Surface structure, intonation, and discourse meaning

Research output: Chapter in Book/Report/Conference proceedingChapter

Abstract / Description of output

The structural units of phrasal intonation are frequently orthogonal to the syntactic constituent boundaries that are recognized by traditional grammar and embodied in most current theories of syntax. As a result, much recent work on the relation of intonation to discourse context and information structure has either eschewed syntax entirely (cf. Bolinger, 1972; Cutler and Isard, 1980; Gussenhoven, 1983; Brown and Yule, 1983), or has supplemented traditional syntax with entirely nonsyntactic string-related principles (cf. Cooper and Paccia-Cooper, 1980). Recently, Selkirk (1984) and others have postulated an autonomous level of “intonational structure” for spoken language, distinct from syntactic structure. Structures at this level are plausibly claimed to be related to discourse-related notions, such as “focus”. However, the involvement of two apparently uncoupled levels of structure in Natural Language grammar appears to complicate the path from speech to interpretation unreasonably, and thereby to threaten the feasibility of computational speech recognition and speech synthesis.

In Steedman (1991a), I argue that the notion of intonational structure formalized by Pierrehumbert, Selkirk, and others, can be subsumed under a rather different notion of syntactic surface structure, which emerges from the “Combinatory Categorial” theory of grammar (Steedman, 1987, 1990). This theory engenders surface structure constituents corresponding directly to phonological phrase structure. Moreover, the grammar assigns to these constituents interpretations that directly correspond to what is here called “information structure” – that is, the aspects of discourse-meaning that have variously been termed “topic” and “comment”, “theme” and “rheme”, “given” and “new” information, and/or “presupposition” and “focus”.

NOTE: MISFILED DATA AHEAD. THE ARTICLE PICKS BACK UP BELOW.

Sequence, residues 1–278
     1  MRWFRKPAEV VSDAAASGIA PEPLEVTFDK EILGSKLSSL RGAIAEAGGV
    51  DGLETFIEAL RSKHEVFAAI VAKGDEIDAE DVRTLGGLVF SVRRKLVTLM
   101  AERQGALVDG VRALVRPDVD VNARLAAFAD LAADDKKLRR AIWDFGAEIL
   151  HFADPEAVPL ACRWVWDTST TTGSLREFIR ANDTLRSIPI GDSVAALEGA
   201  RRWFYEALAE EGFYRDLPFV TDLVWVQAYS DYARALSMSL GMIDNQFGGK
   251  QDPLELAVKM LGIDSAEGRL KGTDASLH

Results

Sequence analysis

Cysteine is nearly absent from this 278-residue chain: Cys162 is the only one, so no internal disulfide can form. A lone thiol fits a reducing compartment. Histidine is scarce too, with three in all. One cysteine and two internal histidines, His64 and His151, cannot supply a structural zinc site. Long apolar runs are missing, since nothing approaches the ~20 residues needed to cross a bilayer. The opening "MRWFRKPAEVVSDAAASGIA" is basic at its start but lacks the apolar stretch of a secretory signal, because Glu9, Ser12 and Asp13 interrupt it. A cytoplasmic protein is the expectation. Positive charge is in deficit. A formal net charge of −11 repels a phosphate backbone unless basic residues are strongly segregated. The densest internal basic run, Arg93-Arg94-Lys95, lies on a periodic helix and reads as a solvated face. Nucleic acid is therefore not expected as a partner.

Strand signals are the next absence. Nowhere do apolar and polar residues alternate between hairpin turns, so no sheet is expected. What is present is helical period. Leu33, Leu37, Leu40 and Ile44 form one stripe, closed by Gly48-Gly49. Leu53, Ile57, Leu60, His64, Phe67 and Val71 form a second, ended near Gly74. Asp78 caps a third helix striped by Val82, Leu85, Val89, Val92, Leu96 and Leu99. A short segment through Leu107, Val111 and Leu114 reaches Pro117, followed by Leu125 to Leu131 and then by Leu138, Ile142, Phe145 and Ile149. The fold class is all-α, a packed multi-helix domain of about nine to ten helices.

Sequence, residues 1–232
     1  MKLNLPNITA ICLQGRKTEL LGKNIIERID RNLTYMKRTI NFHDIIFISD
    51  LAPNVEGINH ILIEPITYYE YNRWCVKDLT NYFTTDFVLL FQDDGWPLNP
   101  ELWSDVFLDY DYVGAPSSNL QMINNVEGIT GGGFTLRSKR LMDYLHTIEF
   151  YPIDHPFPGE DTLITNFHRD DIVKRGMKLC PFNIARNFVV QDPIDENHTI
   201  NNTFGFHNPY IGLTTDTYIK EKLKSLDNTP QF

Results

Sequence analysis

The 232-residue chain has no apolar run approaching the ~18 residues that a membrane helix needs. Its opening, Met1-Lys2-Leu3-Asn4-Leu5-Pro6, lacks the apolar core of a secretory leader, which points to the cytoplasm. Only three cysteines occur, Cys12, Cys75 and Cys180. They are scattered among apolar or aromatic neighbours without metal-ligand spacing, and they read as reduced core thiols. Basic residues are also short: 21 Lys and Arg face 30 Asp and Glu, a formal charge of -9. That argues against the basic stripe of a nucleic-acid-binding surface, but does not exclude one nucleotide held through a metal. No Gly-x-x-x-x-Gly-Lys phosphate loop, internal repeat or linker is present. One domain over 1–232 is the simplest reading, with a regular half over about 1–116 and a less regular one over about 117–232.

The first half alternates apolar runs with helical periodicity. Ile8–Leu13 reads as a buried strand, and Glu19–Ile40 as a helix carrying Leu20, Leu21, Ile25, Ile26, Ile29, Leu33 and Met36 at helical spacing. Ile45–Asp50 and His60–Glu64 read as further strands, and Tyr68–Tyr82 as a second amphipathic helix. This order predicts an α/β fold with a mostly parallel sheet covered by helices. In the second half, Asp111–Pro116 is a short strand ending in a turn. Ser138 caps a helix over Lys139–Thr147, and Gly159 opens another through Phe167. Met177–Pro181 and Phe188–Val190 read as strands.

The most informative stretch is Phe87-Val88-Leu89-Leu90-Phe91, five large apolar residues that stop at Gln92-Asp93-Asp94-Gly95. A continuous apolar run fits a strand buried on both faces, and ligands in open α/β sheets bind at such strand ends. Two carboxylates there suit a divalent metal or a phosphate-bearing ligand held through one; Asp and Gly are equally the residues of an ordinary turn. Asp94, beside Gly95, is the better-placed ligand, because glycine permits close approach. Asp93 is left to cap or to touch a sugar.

Original languageEnglish
Title of host publicationChallenges in Natural Language Processing
PublisherCambridge University Press
Number of pages27
ISBN (Electronic)9780511659478
ISBN (Print)9780521032261
Publication statusPublished - 1993

Publication series

NameStudies in Natural Language Processing
PublisherCambridge University Press


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